Preconception care, which addresses risks to birthing parents and their partners before conception, is essential to improve the health of people who are starting their family-building journeys and ultimately improve maternal health outcomes. However, 86% of women are not getting preconception care from their physician, and 92% of men say their physician has not discussed reproductive health with them.
Preconception care has been shown to be an important determinant of fertility, improving chances of conception, reducing stress and unnecessary fertility treatments, and improving health outcomes for parent and child. At its core, preconception care recognizes that there are many factors that impact a person’s fertility and treats the whole person, not just their symptoms. So why aren’t more people receiving preconception care? In this article, we’ll explore whole-person preconception care, how it can impact your employees, and how you can provide support during this critical family-building stage.
What is preconception care?
Preconception care is personalized, preventative care that addresses risks to potential birthing parents and their partners, whether they’re planning to conceive now or in the future. It encompasses a wide range of medical, behavioral, and social interventions designed to improve the health of aspiring parents, identify and treat the underlying causes of fertility, and reduce risks to the unborn child and birthing parent.
Preconception care typically entails screening for diseases that may affect reproductive organs, prescriptions of vitamins like folic acid, reducing tobacco and alcohol consumption, and proactive management of chronic conditions that can affect conception and birth, like high blood pressure or diabetes.
Why don’t more people receive preconception care?
While preconception care is an essential step in ensuring healthy birthing parents, partners, and babies, the vast majority of people aren’t receiving preconception care. A recent meta-analysis found three primary factors contributing to the low rate of care in the U.S.:
- Lack of awareness: One study found that 52% of men and 43% of women have not seen, heard, or read anything about recommendations for preconception care. This lack of messaging and awareness reduces the number of people who seek and out receive this crucial care.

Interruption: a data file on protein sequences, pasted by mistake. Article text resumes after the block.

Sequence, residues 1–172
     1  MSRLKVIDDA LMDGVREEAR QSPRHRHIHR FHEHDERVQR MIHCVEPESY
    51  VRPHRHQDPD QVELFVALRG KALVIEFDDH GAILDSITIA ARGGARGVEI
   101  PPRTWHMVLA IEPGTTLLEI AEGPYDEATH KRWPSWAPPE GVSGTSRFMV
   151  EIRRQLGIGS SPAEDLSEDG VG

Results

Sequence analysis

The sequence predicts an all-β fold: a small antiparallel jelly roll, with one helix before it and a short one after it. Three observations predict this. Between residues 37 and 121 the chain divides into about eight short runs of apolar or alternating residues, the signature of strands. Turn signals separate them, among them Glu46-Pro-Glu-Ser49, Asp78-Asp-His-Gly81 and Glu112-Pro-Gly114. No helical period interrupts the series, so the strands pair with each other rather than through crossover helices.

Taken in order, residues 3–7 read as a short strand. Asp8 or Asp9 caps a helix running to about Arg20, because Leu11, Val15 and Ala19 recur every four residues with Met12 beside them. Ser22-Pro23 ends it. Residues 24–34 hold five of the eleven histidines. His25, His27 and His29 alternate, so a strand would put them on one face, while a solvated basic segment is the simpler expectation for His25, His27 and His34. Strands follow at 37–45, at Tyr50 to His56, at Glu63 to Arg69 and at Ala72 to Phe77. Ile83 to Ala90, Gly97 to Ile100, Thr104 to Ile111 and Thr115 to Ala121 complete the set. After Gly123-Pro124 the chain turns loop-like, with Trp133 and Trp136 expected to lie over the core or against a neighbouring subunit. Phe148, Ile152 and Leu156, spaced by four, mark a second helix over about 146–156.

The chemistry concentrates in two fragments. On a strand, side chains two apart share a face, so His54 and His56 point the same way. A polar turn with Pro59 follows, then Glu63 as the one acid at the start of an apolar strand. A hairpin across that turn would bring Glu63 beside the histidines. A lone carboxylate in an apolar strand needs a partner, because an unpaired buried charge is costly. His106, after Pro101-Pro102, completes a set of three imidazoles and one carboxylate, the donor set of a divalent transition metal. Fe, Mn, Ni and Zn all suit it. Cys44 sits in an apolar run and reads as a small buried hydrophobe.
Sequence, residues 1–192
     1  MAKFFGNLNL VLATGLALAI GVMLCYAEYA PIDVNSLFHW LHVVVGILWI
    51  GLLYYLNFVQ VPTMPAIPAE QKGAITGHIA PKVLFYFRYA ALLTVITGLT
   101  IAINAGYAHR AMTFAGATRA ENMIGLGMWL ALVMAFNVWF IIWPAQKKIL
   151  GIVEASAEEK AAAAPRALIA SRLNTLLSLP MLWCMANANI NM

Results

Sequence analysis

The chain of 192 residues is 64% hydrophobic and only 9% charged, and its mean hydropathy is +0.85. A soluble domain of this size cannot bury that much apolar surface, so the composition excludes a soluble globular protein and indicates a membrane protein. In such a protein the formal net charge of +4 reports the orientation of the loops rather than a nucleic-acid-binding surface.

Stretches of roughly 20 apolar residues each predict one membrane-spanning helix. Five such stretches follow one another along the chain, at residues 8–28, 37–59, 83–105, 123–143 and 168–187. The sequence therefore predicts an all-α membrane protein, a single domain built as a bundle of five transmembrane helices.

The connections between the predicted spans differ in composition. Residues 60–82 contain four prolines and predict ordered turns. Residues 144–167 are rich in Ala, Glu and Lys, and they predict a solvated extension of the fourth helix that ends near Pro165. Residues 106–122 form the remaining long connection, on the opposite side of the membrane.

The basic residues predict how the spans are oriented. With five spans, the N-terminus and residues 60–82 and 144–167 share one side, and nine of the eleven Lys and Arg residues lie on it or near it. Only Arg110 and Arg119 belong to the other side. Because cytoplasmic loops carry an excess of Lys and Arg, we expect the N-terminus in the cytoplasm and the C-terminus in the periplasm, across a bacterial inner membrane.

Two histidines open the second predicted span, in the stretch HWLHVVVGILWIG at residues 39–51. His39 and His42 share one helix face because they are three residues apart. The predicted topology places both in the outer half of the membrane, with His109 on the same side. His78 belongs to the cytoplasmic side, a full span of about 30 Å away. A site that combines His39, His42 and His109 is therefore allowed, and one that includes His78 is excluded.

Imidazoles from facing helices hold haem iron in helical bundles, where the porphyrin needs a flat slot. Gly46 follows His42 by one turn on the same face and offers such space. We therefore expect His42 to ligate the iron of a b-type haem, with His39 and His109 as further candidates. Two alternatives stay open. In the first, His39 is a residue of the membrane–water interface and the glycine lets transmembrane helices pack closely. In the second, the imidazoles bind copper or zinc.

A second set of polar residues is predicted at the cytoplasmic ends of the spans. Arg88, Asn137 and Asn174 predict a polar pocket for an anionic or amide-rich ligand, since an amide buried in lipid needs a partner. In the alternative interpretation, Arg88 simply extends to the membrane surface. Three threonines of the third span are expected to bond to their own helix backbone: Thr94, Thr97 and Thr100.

- Low health literacy: A lack of general knowledge about health and navigating the healthcare system can also lead to low rates of preconception care, especially in historically marginalized communities. Studies have shown that 32% of Hispanic mothers, 31% of Black mothers, and 72% of low-income mothers were rated as having inadequate maternal health literacy.
- Barriers to access: Even if people recognize the need for preconception care, many may not be able to access services to receive the care they need. Almost one-half of counties in the U.S. don’t have an OB-GYN, and 40% don’t have an obstetrician or certified midwife.
The whole-person approach
Overcoming barriers to preconception care is rooted in recognizing the physical, emotional, and financial needs of birthing parents and their partners. Educating aspiring parents about their unique conditions and risk factors can help them take charge of their reproductive health. This education empowers them to choose the right path to parenthood for their unique situation while potentially avoiding unnecessary treatments down the line.
What does whole-person preconception support look like?
Early risk identification
Regular screening for risk factors like high blood pressure, substance use, PCOS, and mental illness, can help identify reproductive risks before pregnancy. Individuals can be treated with a personalized care plan, supplemented by patient education and clinically-vetted content to increase health literacy and empower them to take control over their health.